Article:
• Some parts of TFG haven’t been mauled the way Marlin and Remington have. AAC seems to be squared away, and Bushmasters still function fine. I’ve seen some forum grumbling about Buffalo Bores and inconsistent bullet seating, but this is something you can check for yourself before you buy the box of ammo in question.

  3. The last Portland Oregon show I attended was in the summer. A former Nazi vendor was then selling long-term survival food. There wasn’t a Swastika in sight at the table though a good looking forty-something blond-haired woman was working the booth. The Gun Room in SE Portland has used Marlins and many other older guns and gun models out of production. If you ever want to see grown men go ape sh*t, tell the guys who work at the Gun Room some story that Colt doesn’t know quality and High Point is better.

    Gun buying consumers are, at least, in one way much like the fine art supply buying consumer: members from each group are hobbyists and talk with others about good and bad quality, service, and results. The man in charge of the Freedom Group is a shrewd investor and a hunter. Therefore, I am surprised for the disregard of quality control action by the Freedom Group. Once a manufacturer burns an emotional fine art supply buying customer they can go from loyal groupie to crusader against the same company. Gun owners, while being more rational and practical than artists, still have little motivation to risk wasting a $500-$1,500+ purchase on a gun manufacturer that has lost credibility with the gun community.

      • Customer abuse is what they seem to specialize in at the Gun Room along with some hard to find older discontinued guns. I actually thought the interpersonal experience was hysterical with the senior man. We even had great arguments over the US debt, China, the USD being discontinued as the world reserve currency, all fiat money systems imploding, etc. Seriously, they do seem to have some product and industry knowledge that is above that of the average gun store. Next time that I go there I’m going to ask to see a Taurus and act like it’s known to be superior to a Colt. BTW, they did have a CZ pistol with a green tinged aluminum frame that was really nice.

        • I haven’t been in there for at least ten years, so maybe I’ll brave another visit. I could easily walk, or worse, bike there. I do look like the lefty I am – shaggy hair and earrings (mild by PDX standards, I could pass for a redneck around here), so that doesn’t help. I do covet a CZ pistol, though maybe not in the green.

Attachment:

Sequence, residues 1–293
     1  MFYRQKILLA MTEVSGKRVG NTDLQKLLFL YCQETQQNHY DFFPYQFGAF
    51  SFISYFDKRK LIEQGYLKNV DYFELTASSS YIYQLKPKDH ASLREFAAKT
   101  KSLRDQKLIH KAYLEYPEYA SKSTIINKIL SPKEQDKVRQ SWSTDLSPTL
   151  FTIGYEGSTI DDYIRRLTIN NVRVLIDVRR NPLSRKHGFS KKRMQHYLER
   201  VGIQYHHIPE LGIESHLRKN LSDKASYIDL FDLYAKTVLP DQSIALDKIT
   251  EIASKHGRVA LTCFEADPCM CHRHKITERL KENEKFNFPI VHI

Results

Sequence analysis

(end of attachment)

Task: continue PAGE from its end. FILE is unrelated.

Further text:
• I had a good time there since I knew what to generally expect and I left my ego outside. While there I held an ancient Colt revolver with pearl handles, and a lever action Winchester also from the 1800s they said was valued at $25K.

  4. OTOH, if you want a new 30-30 lever gun, there really isn’t any choice: Henry is vastly more expensive and vastly heavier, and Mossbergs depreciate like stones: A nearly-new Marlin sells for near-retail price, but a nearly new Mossberg sold for 45% off retail the last I checked.

  5. I thought Marlin quality was shaky sometime ago. Bought a Marlin 39A in the late 70s and had a lot of problems I should not have had. The biggest problem was that the magazine cut off tab was milled too deep for the spacer. I put an old spacer in it and it worked fine.

  6. My stepdad has a Model 336 30-30 that he literally bought at a K-Mart (or maybe that other Mart) on the way to South Texas for a hunt, circa 1985. It came with a crappy Tasco 4x, but now sports a basic Leupold 4x, much better. He took a nice little spike mule deer with it last year on the East slope of Mt. Hood. It’s a blue-collar rifle, but everything about it is well-made – the wood fits tightly, the action is smooth. It’s no MOA queen, but it will hit deer vitals at any responsible distance for a 30-30.Sometimes, it seems like corporate America is doing it’s level best to sell us stuff that sucks for too much money, because we’re stupid enough to buy it. Demand better.

  7. I bought my 336 (not 336C) quite a few years ago, used. It is a nice rifle for under $200 then. Guess I will hang on to it, it’s my last lever. Had a nice 444 I bought new in the 90’s. no complaints on the fit or finish, traded it off for some house painting.